Many things can be an assault weapon. A baseball bat, a knife, a fist, a
    foot, a single shot .22 rifle, a double-barrel shotgun, a fireplace
    poker, a six-shot revolver, a brick, a sword, a bow and arrow, a lance. A
    person can add many items to this short list.

    Gun-control advocates have defined “assault weapon” to be a
    semi-automatic civilian version of military weapons, such as AR-15, the
    civilian version of the military M-16, and AK-47. During the Clinton
    administration the civilian version of these weapons was not permitted
    to have various harmless features because the features made the rifles
    have a military appearance, and the weapons were restricted to magazines
    that held no more than ten rounds.

    Today 20 and 30 round magazines are available. For a professional, the
    capacity of the magazines is immaterial. With experience a person can
    change clips in a second. A button is pushed, the clip drops out and a
    new one is inserted. For reasons hard to follow, gun control advocates
    think that a ten-round clip turns an “assault weapon” into something

    I told RT Moscow that the United States was the most complete police
    state in human history. Thanks to modern technology, Washington is able
    to spy on its subjects far beyond the capabilities of Joseph Stalin and
    Adolf Hitler. Even George Orwell’s imagination in his dystopian novel,
    1984, has been surpassed by Washington’s current practice. The “war on
    terror” is the excuse for the American Police State.

    A police state, I said, was inconsistent with an armed population, and
    as all other constitutional amendments have fallen, the sole remaining
    amendment, the Second Amendment, will not survive much longer.

    But why RT Moscow’s focus on “assault weapons”? The accused, Adam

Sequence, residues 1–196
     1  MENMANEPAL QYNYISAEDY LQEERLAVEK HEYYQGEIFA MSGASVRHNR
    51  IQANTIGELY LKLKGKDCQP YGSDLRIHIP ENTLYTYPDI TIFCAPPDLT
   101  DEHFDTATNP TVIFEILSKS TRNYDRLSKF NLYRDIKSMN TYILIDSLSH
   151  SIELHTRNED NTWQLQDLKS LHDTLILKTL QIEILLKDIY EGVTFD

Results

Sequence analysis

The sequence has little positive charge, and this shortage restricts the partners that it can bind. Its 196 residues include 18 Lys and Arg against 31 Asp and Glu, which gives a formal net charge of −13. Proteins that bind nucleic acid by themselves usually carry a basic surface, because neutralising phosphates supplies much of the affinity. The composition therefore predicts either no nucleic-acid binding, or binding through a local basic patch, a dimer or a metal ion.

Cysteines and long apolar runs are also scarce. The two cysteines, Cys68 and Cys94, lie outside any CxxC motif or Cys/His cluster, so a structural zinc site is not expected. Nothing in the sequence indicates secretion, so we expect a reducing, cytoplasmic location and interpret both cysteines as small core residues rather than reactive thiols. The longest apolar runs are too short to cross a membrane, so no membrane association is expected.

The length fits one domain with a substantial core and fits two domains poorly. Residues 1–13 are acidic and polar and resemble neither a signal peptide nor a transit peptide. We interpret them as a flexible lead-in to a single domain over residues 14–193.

Lanza, was immediately declared guilty. According to the Associated
    Press, the Newtown, Connecticut medical examiner, Dr H. Wayne Carver
    said that “all the victims of the Connecticut elementary school shooting
    were killed up close by multiple rifle shots.”

    Yet Fox News
    reports that “A CNN reporter said police recovered three weapons at the
    scene: a Glock and a Sig-Sauer, which are handguns, as well as a .223
    Bushmaster rifle. The rifle was in the back seat of the car the gunman
    drove to the school, the handguns were inside the school.”

    The same Fox News report says: “Security measures implemented this year
    at Sandy Hook [the school] kept doors locked during class hours, and
    people have to be buzzed in before entering. There is a camera to view
    whoever enters the building.” If this report is correct, how did an
    armed Lanza gain entry to the school?

    I tried to point out to RT Moscow that these news reports indicate that
    the accused dead gunman, whom no one can interrogate, if he is indeed
    the culprit, killed the children with handguns, not with an “assault
    rifle” left in the car, but that the medical examiner said the children
    were killed with rifle shots.

    The discrepancy is obvious. Either the news reports are incorrect, the
    medical examiner is wrong, or someone other than Adam Lanza shot the

    This was too much for RT Moscow’s news anchor. She cut me off with her
    statement that the children were dead by whatever gun. Yet, the focus of
    the program was on “assault rifles.” This focus was reinforced when I
    was asked to stay online for a post-interview question.

    The question from RT Moscow was whether I thought assault weapons would
    be banned. I answered that I thought all guns would be banned. I had
    already told the TV anchor that I thought that all guns would be taken